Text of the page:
"Since (Hurricane) Sandy we have seen a huge increase. We have had to increase the amount of water that we purchase for the week; sometimes the trucks have had to come back, like twice for the week," she said, noting that customers are specifically purchasing the five gallon bottles of water. "Customers say that they don't like the taste (of the tap water) and they say it looks discoloured and so on," she said, pointing to a huge empty section on the store's water display shelf. She said that just the night before the shelf was packed with giant bottles of the thirst-quencher.
Bryan Fletcher, floor manager at MegaMart in Portmore, St Catherine — while noting that persons in Portmore have always consumed bottled water predominantly — explained, however, that the sales have grown in recent months.
"Before (Hurricane) Sandy, persons were purchasing a lot of bottled water, and even after Sandy persons continue to buy the bottled water because they don't trust the water from the tap," he said. "They (customers) are mostly going for the five litre, the four litre, and the five gallon," he said.
A five-gallon bottle of water can cost consumers up to $573; the five litre, $250; the 3.8 litre $132, and the 1.5 litre, $95.
In the meantime,Christopher Dyer, operator of the Crystal Clear water refilling outlet just outside Mega Mart says his business has been booming. Dyer uses machines to extract impurities and excess chlorine from the normal tap water.
"It is education; more and more people are becoming educated about the health benefits of purified water and the risks there are from drinking piped water, so that is why they are going for the purified water," he said. "Also, after the hurricane, they (NWC) put a lot of chlorine in the water to kill the bacteria and people don't like to taste the chlorine. What we do is filter the water, take out those impurities, and remove the excess chlorine from the water," he said.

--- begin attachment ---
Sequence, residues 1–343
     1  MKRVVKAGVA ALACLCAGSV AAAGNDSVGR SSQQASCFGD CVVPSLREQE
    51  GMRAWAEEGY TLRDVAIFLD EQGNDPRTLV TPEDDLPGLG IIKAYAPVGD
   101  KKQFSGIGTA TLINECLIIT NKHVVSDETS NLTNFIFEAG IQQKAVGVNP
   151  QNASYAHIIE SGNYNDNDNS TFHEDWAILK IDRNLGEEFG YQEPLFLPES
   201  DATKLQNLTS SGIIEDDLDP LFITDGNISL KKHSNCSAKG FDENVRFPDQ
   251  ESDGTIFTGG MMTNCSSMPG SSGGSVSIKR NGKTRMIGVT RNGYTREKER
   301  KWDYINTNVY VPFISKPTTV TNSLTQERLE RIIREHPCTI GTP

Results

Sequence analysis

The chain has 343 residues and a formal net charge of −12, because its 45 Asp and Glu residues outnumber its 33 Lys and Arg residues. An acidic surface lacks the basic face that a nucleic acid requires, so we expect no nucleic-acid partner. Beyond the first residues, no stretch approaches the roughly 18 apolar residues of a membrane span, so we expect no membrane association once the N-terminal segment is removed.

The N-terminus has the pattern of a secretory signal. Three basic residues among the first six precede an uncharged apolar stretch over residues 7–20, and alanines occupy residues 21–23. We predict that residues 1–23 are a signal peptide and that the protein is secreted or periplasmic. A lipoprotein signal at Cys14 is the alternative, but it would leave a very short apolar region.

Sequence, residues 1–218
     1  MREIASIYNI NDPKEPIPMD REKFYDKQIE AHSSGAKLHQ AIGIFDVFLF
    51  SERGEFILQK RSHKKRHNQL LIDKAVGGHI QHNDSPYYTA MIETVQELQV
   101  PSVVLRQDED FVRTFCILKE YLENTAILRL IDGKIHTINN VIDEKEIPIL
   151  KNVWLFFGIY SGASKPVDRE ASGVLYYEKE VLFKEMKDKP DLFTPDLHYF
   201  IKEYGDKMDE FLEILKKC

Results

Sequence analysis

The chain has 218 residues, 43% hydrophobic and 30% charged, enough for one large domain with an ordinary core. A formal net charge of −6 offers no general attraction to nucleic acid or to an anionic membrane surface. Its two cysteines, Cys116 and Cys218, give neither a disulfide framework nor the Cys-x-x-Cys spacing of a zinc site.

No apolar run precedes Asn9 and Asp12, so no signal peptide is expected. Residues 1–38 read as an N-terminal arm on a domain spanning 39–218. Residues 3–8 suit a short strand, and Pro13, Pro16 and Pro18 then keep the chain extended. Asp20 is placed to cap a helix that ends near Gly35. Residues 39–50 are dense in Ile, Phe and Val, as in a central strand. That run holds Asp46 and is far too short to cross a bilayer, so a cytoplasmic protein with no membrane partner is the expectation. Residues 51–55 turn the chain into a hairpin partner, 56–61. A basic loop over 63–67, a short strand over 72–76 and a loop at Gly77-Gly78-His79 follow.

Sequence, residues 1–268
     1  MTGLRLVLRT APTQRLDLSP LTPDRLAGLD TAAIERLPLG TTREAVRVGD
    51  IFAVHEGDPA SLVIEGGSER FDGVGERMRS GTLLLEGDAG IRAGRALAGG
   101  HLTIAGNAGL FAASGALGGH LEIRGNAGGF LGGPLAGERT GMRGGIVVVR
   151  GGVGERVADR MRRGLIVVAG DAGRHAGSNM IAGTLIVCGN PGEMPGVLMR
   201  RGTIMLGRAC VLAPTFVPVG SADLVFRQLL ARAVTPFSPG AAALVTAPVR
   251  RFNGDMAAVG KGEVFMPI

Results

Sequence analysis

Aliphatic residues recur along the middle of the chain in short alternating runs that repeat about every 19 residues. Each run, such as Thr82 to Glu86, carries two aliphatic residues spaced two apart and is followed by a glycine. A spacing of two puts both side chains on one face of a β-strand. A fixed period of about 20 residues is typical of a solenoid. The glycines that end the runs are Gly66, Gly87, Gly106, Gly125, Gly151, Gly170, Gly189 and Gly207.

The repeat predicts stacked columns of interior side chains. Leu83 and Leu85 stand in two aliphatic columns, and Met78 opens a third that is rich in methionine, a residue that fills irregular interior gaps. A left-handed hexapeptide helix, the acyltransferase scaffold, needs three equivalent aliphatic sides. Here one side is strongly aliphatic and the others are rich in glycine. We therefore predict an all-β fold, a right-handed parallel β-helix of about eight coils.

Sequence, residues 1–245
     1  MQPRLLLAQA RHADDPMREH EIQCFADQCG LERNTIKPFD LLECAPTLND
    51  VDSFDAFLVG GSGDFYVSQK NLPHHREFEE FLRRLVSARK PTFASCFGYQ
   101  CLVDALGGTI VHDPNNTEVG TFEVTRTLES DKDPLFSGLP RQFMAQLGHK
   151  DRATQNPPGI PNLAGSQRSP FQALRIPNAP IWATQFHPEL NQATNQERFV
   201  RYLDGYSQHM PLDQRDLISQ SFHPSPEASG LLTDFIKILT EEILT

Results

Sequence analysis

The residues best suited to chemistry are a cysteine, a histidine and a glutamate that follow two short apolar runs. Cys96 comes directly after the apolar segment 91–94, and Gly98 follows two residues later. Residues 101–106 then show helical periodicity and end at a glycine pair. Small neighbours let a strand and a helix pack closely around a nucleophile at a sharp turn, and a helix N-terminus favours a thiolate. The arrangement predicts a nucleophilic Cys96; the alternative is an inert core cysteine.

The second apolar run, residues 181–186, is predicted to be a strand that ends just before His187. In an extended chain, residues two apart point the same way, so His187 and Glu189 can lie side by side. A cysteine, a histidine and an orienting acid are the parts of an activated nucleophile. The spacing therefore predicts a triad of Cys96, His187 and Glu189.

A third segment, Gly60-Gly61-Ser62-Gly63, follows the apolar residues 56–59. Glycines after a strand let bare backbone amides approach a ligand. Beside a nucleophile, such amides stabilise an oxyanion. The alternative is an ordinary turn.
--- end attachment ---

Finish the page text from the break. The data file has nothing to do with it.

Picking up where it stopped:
It costs $250 to refill a five-gallon bottle at his outlet, which is among several other small water stores across the municipality.
One company — Mekyah — drives around to different commmunities and sells its purified water door-to-door, according to residents of West Cumberland, who say the truck visits on Sunday mornings. Two five-gallon bottles can be had for $700.
In the meantime, corporate relations mManager at the NWC Charles Buchanan defended the quality of water being supplied to Portmore.
"The National Water Commission stands by the quality of the water we provide to Portmore, and any instance of genuine complaints from a customer can be brought to our attention and we will investigate and address this," he said. "We just recently won an award for the best tasting tap water in the Caribbean region. Persons choice as to whether they choose to buy expensive water is entirely their own," he said.
Explaining the discolouration residents spoke of, Buchanan said: "We have had instances of either discolouration or particles in the water, and each of those cases are related to situations where the water supply is frequently interrupted," he said. "When the water is restored you will have 'scouring' inside the pipe, where the sudden rush of water causes discolouring."